Why I’m not the right person to solve your problems: an engineer in sanitation

I sat in a meeting recently about sanitation prototypes that are being tested in the “real world” – the informal settlements and rural households that they have been designed for, rather than the labs where they were created. As with any early stage testing, the prototypes have problems and it was these problems and the potential solutions that were under discussion at the meeting.

While listening to these challenges, it hit me. As an engineer, I am not the right person to solve sanitation problems. Of course, there are some technical problems with the prototypes – materials that foul in a different way than expected causing downstream problems, control sequences that need adapting to deal with different circumstances – but it is the non-technical challenges that really interested me. Some are focused on the views of individuals, like toilet users being unhappy with human excreta being stored in close proximity to their perched backside; some are linked to the wider community, like jealousy and distrust of the families who have been selected to trial new toilets; some are political, like the wrangling between settlement committees and councillors affiliated to different political parties; and some are linked to the wider economic situation of the area, like the theft and sale of copper wire used for earthing electrical connections. Some of these problems do have a technical aspect and technology may play a part in the solutions but, for the most part, sanitation is a social issue.

So what’s an engineer to do?

First, as an engineer I have to acknowledge that I don’t have all the pieces to complete this jigsaw puzzle.

Next, I have to make sure I am working with the people who can add in the puzzle pieces that I don’t have. The advantage of the prototype testing discussed in this meeting is that there are a wide range of people involved – academics with social science and engineering backgrounds, community development specialists who work closely with the communities where prototypes are being tested, and municipal representatives who can contribute valuable knowledge on the economic and political intricacies of the sanitation issues in these communities. Of course, having those people in the room is not enough in itself, which brings me to…

I have to listen to what they say and understand when I have reached the limits of my own expertise. That is not to say that my views are useless here. However, the solution to every problem is not technical. My softer engineering skills still offer a huge amount of value – a logical approach to problem-solving, an ability to work within a team, and written and spoken communication of complex ideas.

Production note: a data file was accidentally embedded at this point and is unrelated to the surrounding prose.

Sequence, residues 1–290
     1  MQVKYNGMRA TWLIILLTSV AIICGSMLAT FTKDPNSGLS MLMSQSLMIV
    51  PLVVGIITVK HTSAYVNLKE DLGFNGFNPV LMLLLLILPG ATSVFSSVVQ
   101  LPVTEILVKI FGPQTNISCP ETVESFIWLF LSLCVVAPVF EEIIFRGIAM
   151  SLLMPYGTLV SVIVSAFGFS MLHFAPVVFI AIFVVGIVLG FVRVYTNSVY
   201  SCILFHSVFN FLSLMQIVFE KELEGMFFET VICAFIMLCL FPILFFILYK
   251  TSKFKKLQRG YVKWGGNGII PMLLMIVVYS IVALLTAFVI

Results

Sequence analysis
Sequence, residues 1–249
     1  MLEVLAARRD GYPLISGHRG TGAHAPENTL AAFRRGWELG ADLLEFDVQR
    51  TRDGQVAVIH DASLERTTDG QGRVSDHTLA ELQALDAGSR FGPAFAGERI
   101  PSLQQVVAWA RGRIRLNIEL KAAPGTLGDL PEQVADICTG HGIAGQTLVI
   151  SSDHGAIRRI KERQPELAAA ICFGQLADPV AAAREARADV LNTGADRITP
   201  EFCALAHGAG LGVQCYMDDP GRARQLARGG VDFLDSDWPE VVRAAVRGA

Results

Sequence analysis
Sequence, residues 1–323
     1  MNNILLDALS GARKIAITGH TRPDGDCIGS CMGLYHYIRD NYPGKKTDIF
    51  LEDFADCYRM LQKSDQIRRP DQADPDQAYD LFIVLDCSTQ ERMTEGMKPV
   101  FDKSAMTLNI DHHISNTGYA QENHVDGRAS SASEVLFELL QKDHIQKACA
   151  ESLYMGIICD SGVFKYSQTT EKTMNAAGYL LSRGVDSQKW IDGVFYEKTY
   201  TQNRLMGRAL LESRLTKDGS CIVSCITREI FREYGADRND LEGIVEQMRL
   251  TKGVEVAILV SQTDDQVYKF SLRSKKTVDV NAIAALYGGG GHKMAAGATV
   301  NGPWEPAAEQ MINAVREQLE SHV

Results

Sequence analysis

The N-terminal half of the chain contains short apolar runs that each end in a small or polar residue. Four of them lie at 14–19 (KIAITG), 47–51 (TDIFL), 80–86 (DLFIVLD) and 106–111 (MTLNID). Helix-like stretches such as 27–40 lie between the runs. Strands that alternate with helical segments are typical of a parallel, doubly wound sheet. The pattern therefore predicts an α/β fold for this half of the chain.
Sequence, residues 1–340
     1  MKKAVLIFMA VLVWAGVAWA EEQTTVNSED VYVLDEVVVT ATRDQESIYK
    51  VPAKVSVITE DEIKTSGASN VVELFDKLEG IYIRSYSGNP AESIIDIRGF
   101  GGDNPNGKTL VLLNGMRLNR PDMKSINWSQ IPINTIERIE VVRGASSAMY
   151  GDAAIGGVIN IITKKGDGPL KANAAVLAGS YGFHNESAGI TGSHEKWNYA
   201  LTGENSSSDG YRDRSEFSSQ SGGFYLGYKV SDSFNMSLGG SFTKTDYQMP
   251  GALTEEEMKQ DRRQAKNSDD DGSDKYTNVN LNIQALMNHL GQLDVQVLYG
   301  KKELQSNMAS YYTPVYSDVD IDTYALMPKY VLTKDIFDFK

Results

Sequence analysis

There are several young engineers involved in this testing and I hope that the experience of working with a diverse team will help them to recognise the value of inter-disciplinary collaboration when it comes to overcoming challenges in sanitation. Sanitation is a complex issue and engineers cannot solve these problems alone.

Start 2018 right: pledge to actively support diversity!

Following the #WDP36 list of women in drowning prevention, I posted on how to be an ally to under-represented groups.  Soon after that, I was approached by SOBRASA, a Brazilian drowning prevention organisation,.  They wanted to encourage individuals and organisations to take the five steps towards diversity that were listed in that blog.  Together we came up with the graphic below and already, drowning prevention organisations across the world have pledged to actively support diversity.

If you want to help your organisation grow by becoming more diverse and inclusive, pledge here.

Actively support diversity

In my personal work and that of my organisation, I will actively support diversity by:

1. Recognising I am not the right person for every opportunity and sharing those opportunities with others.
2. Finding ways to involve women and people of colour who can also benefit from opportunities I am offered.
3. In collaborative work, giving full credit to the people who did the work.
4. Using my position of power to push for diversity and actively including under-represented groups in my work.
5. Challenging other people when I see or hear discriminatory action.

**your signature**